Since the 1980s – after the discovery of recombinant DNA technology by two California scientists, the establishment of Scripps and UC San Diego research institutions, and city zoning of the Torrey Pines sub-market for scientific research – the San Diego region has been on the frontier of biotech innovation.
Today, San Diego County is one of the leading life sciences markets in the nation with over 1,200 local companies.
The county ranks third in the state of California in industry employment – behind the San Francisco Bay Area and Los Angeles County, but ahead of Orange County for the first time – according to a 2018 report from the California Life Sciences Association (CLSA). In fact, San Diego County has surpassed the state’s growth rate by a wide margin. The report also states that San Diego County’s life sciences employees earn an average wage of $115,000, which is almost $60,000 more than the average wage for all jobs in the county based on numbers from the California Employment Development Department.
According to a JLL Research report, San Diego County ranks third in the nation in U.S. life sciences cluster ranking, with Torrey Pines at the heart. The report identifies UTC as the fastest growing submarket, Sorrento Mesa as the highest occupancy submarket, Sorrento Valley as an incubator hub, and North County as a leader in delivering new industrial and R&D product in the current cycle.
The JLL Research report finds the life sciences market continuing to see national demand for facilities. Specifically recognizing The Alexandria at Torrey Pines, the report praises the San Diego region, stating that, “supplemented by best-in-class landlords, San Diego is redefining the future of suburban lab campuses,” and:
At The Alexandria at Torrey Pines, the REIT has built out a life science campus centered around a shared amenity center that is accessible to all tenants. In addition to shared conference rooms, it boasts a fitness center, a restaurant and bar, as well as an outdoor patio area. This fosters an innovative and collaborative environment and promotes a communal atmosphere that goes beyond your standard 9-5 campus.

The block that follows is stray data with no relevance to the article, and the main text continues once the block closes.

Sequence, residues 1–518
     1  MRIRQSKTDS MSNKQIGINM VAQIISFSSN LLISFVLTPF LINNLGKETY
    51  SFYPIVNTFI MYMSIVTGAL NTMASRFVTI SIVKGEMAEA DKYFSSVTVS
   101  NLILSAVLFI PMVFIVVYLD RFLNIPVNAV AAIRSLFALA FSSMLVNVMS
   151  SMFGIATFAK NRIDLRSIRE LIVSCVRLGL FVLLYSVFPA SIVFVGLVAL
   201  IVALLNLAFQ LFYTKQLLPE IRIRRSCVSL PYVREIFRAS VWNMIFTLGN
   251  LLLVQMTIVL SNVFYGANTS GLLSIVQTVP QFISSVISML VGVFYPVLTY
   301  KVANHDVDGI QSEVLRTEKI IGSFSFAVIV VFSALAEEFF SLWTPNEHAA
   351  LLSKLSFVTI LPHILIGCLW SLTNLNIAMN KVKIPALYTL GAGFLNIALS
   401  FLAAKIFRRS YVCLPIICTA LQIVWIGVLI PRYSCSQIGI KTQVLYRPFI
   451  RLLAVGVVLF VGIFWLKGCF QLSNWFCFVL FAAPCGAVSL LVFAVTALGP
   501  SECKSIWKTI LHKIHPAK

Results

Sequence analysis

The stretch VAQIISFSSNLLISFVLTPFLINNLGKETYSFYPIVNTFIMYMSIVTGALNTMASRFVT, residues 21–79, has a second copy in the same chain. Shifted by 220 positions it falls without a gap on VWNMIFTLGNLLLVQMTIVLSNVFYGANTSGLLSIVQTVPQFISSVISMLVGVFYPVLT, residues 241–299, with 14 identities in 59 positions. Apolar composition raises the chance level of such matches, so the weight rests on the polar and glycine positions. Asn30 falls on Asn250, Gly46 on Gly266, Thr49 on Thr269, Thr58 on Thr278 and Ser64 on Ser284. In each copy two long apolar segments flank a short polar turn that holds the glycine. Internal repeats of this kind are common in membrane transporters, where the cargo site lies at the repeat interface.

Across the U.S., investors in tight clusters are attempting to convert office space to lab space as a solution to high demand. Of San Diego UTC’s 1.1 million square feet of new inventory in 2017, the majority is converted office space. Overall, JLL Research expects life sciences industry sales to rise over the next few years, and with continued growth the number of jobs and space will need to grow as well.
Last year, San Diego County generated $33.6 billion in economic activity, and was awarded $833 million for new research by the National Institute of Health, according to a report from Biocom. The CLSA report tracked NIH funding by congressional district with the 49th District, represented by Rep. Darrell Issa (R-Vista), coming in first at $722 million in awards.
CLSA’s report projects the region to attract $668 million in life sciences venture funding. However, the Biocom report forecasts a tapering off of employment growth in the sector over the next several years, due to “virtual” companies with fewer workers and more outsourced services, such as contract research organizations (CROs). To this view, the JLL Research report asserts that for companies seeking to remain in top tier clusters, access to talent is a top priority for life sciences tenants.